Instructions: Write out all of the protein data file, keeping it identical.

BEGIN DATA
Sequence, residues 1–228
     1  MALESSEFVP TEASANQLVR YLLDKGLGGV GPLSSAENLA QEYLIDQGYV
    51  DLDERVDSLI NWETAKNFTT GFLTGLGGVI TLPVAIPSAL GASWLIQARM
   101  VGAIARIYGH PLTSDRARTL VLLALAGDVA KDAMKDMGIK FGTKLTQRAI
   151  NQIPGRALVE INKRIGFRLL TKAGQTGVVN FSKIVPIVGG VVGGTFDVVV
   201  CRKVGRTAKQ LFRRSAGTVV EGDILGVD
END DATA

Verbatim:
Sequence, residues 1–228
     1  MALESSEFVP TEASANQLVR YLLDKGLGGV GPLSSAENLA QEYLIDQGYV
    51  DLDERVDSLI NWETAKNFTT GFLTGLGGVI TLPVAIPSAL GASWLIQARM
   101  VGAIARIYGH PLTSDRARTL VLLALAGDVA KDAMKDMGIK FGTKLTQRAI
   151  NQIPGRALVE INKRIGFRLL TKAGQTGVVN FSKIVPIVGG VVGGTFDVVV
   201  CRKVGRTAKQ LFRRSAGTVV EGDILGVD